I’ve serenaded her under balconies in my dreams. I’d written billets-doux in my mind and said her name aloud. I envisioned those little love letters tucked into unread chapters of books and under plates of leftovers waiting for her on the counter. I hoped the Glory I invented in my head didn’t interfere with the actual, real life, flesh and blood woman before me. I’ve spent my entire life disappointed because I’ve always envisioned everything how I wanted it to be and it had never lived up to it. Never. Not once.
Beyond aroused, I could have burst. I could have detonated right there, a chemical reaction resulting in millions of tiny molecules, all googly-eyed and panting. Imagine that. Pure science. If the world was going to end, I was content with it ending then, with her in my web, in that filthy fucking cab.
The driver glanced our way periodically, I knew because I could feel his eyes, there was a mixture of condemnation and excitement in those brown irises. Braun. But this wasn’t a grotesque display of western lust, maybe it was a little, but what if he was wrong, what if he caught sight of love, real love blossoming and drooling in his car. I wished she was still in that dress from earlier.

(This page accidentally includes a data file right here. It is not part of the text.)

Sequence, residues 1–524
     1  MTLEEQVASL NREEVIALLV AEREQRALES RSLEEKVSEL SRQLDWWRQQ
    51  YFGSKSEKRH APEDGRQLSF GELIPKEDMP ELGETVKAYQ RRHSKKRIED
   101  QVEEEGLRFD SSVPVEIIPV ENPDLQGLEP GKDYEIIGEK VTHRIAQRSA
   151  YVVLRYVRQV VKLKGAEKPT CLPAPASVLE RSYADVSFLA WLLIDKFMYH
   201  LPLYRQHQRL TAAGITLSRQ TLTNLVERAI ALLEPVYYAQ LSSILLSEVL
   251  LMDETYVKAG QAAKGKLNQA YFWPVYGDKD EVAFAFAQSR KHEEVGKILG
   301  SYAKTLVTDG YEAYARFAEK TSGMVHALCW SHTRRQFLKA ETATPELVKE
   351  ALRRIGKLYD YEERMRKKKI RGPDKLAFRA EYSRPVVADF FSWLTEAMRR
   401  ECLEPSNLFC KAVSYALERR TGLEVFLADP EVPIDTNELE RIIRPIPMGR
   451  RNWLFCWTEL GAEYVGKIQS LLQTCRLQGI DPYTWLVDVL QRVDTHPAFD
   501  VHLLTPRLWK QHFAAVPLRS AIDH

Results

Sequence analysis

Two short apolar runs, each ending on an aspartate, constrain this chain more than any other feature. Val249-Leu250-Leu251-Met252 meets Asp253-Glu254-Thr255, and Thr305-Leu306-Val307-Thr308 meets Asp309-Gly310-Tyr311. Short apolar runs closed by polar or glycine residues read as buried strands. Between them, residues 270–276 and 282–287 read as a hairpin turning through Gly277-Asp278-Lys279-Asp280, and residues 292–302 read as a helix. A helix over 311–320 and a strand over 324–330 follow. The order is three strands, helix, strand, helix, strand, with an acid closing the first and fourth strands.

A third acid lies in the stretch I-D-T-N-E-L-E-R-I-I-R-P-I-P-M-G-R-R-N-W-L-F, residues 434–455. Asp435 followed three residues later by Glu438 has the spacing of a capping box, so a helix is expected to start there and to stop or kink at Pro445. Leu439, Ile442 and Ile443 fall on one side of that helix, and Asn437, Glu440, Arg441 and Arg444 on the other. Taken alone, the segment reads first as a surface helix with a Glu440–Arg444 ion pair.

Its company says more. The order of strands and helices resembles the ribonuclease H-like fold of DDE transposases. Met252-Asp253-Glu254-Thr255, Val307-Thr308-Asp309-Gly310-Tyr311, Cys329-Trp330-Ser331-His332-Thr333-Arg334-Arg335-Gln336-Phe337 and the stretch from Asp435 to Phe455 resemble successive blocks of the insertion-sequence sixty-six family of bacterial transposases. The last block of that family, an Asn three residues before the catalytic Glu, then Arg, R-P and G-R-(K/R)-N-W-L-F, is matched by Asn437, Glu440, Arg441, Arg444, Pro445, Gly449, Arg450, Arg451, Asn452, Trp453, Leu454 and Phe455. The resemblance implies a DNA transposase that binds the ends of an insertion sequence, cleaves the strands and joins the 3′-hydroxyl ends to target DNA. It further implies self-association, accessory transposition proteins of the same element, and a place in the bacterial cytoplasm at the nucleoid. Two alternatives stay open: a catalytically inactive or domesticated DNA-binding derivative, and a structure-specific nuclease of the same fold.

I pictured the backseat transforming into a sauna, a jacuzzi like the ones in those Mount Airy Lodge commercials from back in the day, heart shaped, with foamy water overflowing, pouring through the doors and spilling through the hole in the partition. Tea light candles, lit and lining the back window, illuminating our faces as our mouths opened, closed, licked, pulled and sucked. Champagne glasses, not that I ever drank champagne but I would in that fantasy.